As the first institute of hotel management in South East Asia, Institute of Hotel Management, Catering Technology and Applied Nutrition (IHMCTAN), alias IHM Mumbai has been focussing on the overall development of the student, while adhering to a curriculum in-line with the latest trends of the industry. Arun K Singh, principal, Institute of Hotel Management-Mumbai shares glimpses of the institute’s history and how it has upgraded its training modules to make its students industry-ready
The Institute of Hotel Management (IHM) Mumbai was established in 1954 in Bhartiya Vidyabhavan Andheri from where it was shifted to the premises in Dadar in 1966. Decoding the history of the establishment of this institute that set the chain rolling for other IHMs across India, Arun K Singh, principal, Institute of Hotel Management, Catering Technology and Applied Nutrition (IHMCTAN) says, “This was the first institute of hospitality education of South East Asia started by the All India Women’s Central Food Council. It was later on taken over by the Government of India’s Ministry of Agriculture, which developed it into a full-fledged Institute of Hotel Management. Since at that time, there was no technical knowhow about the hospitality industry in India, the Ministry of Agriculture tied up with the Food and Agriculture Organisation of the UN. The expert of that organisation, Sir Belfield Smith, was sent to India for seven years to develop hospitality education in India. He then moved to Delhi to develop IHM PUSA and IHM Chennai and IHM Calcutta, and nine food craft institutes in different locations like Hyderabad,
Bengaluru, Lucknow, etc, which would help train and provide the required manpower for the entry-level job roles. The manpower requirement for supervisor, senior supervisor, and the managerial level was fulfilled by the IHMs. We have a total of 21 Central Governmental Institutes of Hotel Management which are affiliated with the National Council of Hotel Management – headed by the Secretary Tourism,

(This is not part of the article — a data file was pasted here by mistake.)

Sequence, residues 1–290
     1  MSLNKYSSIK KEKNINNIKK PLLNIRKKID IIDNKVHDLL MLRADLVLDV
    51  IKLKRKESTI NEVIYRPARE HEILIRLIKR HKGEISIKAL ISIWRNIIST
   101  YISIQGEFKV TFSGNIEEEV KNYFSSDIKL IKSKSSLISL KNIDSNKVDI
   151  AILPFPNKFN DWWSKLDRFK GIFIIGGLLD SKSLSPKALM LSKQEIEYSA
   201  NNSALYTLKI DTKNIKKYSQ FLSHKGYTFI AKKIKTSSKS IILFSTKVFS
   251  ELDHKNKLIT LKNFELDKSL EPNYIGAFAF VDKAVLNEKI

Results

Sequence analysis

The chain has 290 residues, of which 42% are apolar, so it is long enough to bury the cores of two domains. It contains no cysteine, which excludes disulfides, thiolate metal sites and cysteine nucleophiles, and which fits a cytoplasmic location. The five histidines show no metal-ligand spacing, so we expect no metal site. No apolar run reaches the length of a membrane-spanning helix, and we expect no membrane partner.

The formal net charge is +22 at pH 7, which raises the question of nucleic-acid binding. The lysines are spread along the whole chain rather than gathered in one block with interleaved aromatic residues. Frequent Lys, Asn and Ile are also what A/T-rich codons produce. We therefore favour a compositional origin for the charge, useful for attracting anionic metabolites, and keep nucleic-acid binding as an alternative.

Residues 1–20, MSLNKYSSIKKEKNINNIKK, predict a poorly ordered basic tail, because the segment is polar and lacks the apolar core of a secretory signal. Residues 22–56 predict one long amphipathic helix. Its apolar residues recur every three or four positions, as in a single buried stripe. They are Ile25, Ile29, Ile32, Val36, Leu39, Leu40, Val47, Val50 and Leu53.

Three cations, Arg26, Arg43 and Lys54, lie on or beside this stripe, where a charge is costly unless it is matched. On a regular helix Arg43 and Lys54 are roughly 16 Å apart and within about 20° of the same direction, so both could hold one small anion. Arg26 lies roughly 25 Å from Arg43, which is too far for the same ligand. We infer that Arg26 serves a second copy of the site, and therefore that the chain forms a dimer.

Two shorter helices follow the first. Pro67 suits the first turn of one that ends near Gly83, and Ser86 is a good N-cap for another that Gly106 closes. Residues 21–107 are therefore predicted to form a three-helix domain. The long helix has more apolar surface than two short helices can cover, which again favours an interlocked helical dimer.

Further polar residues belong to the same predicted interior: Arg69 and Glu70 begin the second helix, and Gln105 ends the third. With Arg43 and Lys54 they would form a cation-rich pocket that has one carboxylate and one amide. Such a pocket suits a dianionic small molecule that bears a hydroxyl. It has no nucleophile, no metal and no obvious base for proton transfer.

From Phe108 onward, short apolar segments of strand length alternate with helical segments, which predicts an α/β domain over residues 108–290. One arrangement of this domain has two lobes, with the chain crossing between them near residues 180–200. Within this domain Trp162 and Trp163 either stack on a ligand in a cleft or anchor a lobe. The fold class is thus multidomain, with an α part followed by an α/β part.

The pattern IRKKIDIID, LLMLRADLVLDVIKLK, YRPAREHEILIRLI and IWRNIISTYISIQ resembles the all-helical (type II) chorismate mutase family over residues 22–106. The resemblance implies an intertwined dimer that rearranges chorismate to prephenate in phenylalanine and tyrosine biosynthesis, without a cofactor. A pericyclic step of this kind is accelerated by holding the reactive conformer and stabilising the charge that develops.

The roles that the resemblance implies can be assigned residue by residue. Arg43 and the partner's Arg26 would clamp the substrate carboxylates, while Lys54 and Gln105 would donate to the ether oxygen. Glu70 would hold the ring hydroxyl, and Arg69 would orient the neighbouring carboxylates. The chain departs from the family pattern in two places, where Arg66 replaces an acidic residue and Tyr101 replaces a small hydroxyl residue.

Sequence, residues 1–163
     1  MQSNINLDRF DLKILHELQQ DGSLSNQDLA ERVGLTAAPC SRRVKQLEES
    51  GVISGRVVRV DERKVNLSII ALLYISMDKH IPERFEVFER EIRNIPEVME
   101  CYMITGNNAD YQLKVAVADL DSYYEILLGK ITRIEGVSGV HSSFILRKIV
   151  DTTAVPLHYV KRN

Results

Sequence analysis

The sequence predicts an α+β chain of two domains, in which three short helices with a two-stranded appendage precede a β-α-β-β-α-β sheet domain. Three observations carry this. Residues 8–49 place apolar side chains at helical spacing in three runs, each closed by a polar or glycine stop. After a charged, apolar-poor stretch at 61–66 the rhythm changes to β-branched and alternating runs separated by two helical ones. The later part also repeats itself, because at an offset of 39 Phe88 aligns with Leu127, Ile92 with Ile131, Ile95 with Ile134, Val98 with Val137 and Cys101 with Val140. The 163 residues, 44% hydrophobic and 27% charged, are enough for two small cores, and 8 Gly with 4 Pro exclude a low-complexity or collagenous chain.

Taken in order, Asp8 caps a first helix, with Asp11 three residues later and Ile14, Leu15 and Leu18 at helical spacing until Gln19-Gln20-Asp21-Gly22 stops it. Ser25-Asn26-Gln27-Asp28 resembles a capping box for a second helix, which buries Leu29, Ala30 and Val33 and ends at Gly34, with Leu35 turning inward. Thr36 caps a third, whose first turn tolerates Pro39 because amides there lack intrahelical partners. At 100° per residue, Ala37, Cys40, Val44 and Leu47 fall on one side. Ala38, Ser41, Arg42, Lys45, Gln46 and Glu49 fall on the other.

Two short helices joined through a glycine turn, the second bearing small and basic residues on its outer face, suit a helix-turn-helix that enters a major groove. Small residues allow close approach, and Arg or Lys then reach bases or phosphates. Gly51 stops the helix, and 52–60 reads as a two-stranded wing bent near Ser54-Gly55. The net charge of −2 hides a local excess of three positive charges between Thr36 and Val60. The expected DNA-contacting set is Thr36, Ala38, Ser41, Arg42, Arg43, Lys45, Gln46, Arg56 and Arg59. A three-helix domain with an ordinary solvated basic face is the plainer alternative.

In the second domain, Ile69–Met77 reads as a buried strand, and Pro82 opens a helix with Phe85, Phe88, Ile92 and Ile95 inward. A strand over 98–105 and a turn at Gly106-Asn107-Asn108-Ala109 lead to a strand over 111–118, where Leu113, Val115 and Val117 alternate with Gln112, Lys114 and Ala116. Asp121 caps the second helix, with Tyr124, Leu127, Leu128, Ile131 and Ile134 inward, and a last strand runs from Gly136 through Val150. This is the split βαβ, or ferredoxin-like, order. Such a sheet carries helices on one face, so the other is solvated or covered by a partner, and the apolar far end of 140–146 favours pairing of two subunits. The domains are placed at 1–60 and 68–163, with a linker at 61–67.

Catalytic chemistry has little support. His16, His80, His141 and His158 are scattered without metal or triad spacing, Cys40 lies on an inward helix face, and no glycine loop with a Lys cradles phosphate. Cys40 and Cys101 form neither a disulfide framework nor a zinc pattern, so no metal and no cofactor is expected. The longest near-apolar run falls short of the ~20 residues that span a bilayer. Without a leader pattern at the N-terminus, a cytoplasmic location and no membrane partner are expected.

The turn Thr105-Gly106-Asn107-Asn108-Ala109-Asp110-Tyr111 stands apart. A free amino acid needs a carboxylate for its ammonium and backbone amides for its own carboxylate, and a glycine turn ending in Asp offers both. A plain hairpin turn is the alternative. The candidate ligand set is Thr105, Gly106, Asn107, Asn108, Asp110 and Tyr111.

Government of India. Along with that, we have 22 State Institutes of Hotel Management which have been developed by the state governments with financial support from the Ministry of Tourism, Government of India. They are also affiliated with the National Council of Hotel Management.”
He adds, “We have a large base of about 70 Central, State, and some private institutes, under the National Council of Hotel Management. We conduct a joint entrance examination for the students to be placed in a different institute in the country. India is one of the leading countries in the world, at present, which has supported hospitality education so much. A large number of the infrastructure of manpower training is available in India which mainly deals with the training at the senior supervisor or management at trainee level, and as well as for the entry-level requirement of the hospitality and allied industries.”
Supplying quality manpower
While the growth of the hospitality industry in India has been bullish year-on-year, the key concern that still lies today in this leading services industry is quality manpower. When asked about IHM Mumbai’s efforts to prepare the students for quality work, Singh replies, “We are not just a hotel business school, but a hotel management institute which focuses upon operational management. In the US, Cornell University and some other known institutes are hospitality management institutes. They deal with managerial subjects like marketing, HR, etc, among others. We at IHM Mumbai are dealing majorly on training our students in the core operational management topics and also the managerial aspect to some extent. Our focus on students mainly is on four factors i.e. attitude formation; personality and communication; knowledge and skills; and to upgrade the students time to them so they can connect with the ongoing industry trends for years to come. Since technological advancement in the hospitality industry is too fast, all the hospitality institutes need to understand it and upgrade their training infrastructure from time to time. All our Central IHMs are getting funds from the Government of India to upgrade the infrastructure. For example, the software is used by all categories of hotels irrespective of being a standalone or chain-based property.”